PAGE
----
Been a while since last $blog. Oh well, such is life. Either way, I’ve a cold, and I’m frustrated by a certain unnamed software company which develops statistical software. But hey, they’re not the only ones doing this, so…
Anyway, in this case we’ve upgraded to a “new’ version of their software, and with it came a new licensing model. If you’ve ever worked in an environment larger than 10 users, you might have heard the name “Sentinel” before. Joy. Great joy. Really. Not.
Anyway, the story: Like a lot of environments, the environment I work in doesn’t allow regular users to install software. In other words, our users are Domain Users, and nothing more. They don’t need more. Anyway, a concequence of this, is that we have to somehow deploy software to their PC they can use. Alas, we chose to use Active Directory policies to deploy software. This works great as long as the to be deployed software is in MSI form. If it isn’t, we’ll make it so. And while we’re at it, we try to make the software not ask all kinds of hard questions by (pre) configuring things at install time, including the registration of the product with the vendor if required. Alas, problems arise (luckily not too often) when products use a uniquely generated code to generate license request files, to have actual licenses generated by the vendor. This is because the PC where the license is being requested is generally *not* the PC the software will be run on. Anyway, today I have such a case, and the vendor isn’t very flexible nor understanding. Basically the support desk tells me I’m out of luck, and it can’t be fixed either. Unless of course we shell out a lot of cash for a “network” version of their software. Well, fuck you. Let’s see how “out of luck” I am when I find a crack for that Piece of Shit software you sell. I understand why you do this, to battle software piracy and license violations, but damn…you kinda bring it onto yourself this way.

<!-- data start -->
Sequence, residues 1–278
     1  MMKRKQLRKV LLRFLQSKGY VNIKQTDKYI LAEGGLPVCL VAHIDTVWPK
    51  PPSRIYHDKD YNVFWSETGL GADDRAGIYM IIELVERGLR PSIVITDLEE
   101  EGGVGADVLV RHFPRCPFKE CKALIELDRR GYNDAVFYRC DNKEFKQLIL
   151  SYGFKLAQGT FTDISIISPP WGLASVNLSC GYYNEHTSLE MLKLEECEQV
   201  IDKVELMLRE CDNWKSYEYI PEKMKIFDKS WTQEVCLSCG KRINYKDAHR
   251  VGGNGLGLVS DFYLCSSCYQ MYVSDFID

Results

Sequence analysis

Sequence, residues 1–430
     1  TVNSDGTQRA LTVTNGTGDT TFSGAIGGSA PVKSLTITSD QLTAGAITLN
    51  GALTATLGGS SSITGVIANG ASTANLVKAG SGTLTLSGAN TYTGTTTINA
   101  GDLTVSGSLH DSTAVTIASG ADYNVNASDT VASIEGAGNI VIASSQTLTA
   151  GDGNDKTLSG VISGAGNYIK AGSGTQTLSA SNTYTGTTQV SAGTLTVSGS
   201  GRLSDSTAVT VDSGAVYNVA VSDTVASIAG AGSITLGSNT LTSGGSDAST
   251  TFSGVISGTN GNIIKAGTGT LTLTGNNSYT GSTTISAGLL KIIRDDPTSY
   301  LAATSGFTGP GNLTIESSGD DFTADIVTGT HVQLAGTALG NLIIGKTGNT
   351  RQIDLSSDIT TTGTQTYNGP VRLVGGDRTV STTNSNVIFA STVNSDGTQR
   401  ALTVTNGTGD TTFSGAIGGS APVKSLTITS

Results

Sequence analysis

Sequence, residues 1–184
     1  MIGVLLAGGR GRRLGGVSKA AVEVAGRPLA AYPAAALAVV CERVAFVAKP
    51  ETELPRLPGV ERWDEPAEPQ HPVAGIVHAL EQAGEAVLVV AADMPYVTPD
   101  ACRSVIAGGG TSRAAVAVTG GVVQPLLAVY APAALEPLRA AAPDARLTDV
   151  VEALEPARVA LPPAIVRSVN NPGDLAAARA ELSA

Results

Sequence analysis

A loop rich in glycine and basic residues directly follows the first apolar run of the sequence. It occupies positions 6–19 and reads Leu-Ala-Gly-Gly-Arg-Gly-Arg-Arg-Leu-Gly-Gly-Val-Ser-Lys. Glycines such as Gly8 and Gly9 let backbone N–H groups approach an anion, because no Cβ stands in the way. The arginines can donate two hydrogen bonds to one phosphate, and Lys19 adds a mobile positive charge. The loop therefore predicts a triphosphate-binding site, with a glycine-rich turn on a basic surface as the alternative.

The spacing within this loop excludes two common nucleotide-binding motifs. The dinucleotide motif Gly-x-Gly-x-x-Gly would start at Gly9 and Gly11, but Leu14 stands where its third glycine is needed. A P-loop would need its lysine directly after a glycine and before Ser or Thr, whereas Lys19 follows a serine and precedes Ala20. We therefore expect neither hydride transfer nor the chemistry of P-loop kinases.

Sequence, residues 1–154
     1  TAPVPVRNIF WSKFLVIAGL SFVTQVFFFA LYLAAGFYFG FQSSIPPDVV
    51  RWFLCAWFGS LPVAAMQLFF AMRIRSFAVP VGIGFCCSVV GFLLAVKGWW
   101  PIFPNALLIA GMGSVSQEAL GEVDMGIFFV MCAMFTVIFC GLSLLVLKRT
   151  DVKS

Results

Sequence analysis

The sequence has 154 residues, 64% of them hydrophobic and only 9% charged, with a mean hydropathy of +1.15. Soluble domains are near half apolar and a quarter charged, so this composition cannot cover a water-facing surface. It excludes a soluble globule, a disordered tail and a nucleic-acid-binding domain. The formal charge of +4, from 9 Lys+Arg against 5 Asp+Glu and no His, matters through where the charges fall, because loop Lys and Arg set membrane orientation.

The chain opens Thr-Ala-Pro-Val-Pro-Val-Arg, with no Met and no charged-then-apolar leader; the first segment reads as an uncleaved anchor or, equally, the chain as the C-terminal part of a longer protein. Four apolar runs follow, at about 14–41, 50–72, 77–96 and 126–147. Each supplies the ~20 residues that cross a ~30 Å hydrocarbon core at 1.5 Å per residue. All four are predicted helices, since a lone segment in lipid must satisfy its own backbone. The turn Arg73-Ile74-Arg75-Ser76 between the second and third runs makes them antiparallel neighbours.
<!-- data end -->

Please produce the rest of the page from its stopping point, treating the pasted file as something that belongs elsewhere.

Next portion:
Who needs SPSS anyway?